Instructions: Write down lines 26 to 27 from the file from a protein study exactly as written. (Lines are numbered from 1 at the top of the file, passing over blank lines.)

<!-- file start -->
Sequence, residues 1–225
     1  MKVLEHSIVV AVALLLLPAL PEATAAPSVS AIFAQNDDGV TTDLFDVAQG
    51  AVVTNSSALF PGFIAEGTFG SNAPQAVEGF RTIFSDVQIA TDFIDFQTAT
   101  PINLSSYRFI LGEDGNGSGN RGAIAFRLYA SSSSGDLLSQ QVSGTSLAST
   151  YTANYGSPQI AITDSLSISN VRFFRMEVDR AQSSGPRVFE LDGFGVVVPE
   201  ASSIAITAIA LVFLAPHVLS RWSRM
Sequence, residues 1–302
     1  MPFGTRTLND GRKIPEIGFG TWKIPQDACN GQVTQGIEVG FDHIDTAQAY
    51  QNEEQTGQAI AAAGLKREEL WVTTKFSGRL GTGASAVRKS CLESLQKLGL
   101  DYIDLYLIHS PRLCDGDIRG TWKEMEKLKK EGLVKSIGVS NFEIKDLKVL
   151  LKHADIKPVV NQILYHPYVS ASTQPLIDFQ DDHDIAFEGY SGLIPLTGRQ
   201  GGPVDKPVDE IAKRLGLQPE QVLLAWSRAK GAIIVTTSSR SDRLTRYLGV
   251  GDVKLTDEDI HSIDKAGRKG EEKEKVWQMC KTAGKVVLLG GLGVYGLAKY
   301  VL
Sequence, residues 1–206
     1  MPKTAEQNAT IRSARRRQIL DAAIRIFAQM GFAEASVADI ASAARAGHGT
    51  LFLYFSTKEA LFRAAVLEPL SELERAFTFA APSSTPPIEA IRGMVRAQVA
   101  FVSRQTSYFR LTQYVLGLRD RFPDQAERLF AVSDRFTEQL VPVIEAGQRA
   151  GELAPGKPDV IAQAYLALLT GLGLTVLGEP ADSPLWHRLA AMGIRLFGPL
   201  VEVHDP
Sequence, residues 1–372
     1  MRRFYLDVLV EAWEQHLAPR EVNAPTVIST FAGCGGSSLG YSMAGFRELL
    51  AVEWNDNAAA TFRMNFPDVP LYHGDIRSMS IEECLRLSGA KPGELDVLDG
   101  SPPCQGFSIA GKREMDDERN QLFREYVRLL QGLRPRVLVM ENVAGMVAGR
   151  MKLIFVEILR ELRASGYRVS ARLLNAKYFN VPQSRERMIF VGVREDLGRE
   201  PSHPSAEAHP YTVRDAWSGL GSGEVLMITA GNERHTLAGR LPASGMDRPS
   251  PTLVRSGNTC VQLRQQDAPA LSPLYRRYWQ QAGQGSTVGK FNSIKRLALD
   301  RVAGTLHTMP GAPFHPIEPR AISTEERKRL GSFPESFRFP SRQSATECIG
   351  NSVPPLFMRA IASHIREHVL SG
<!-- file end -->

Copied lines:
   201  PSHPSAEAHP YTVRDAWSGL GSGEVLMITA GNERHTLAGR LPASGMDRPS
   251  PTLVRSGNTC VQLRQQDAPA LSPLYRRYWQ QAGQGSTVGK FNSIKRLALD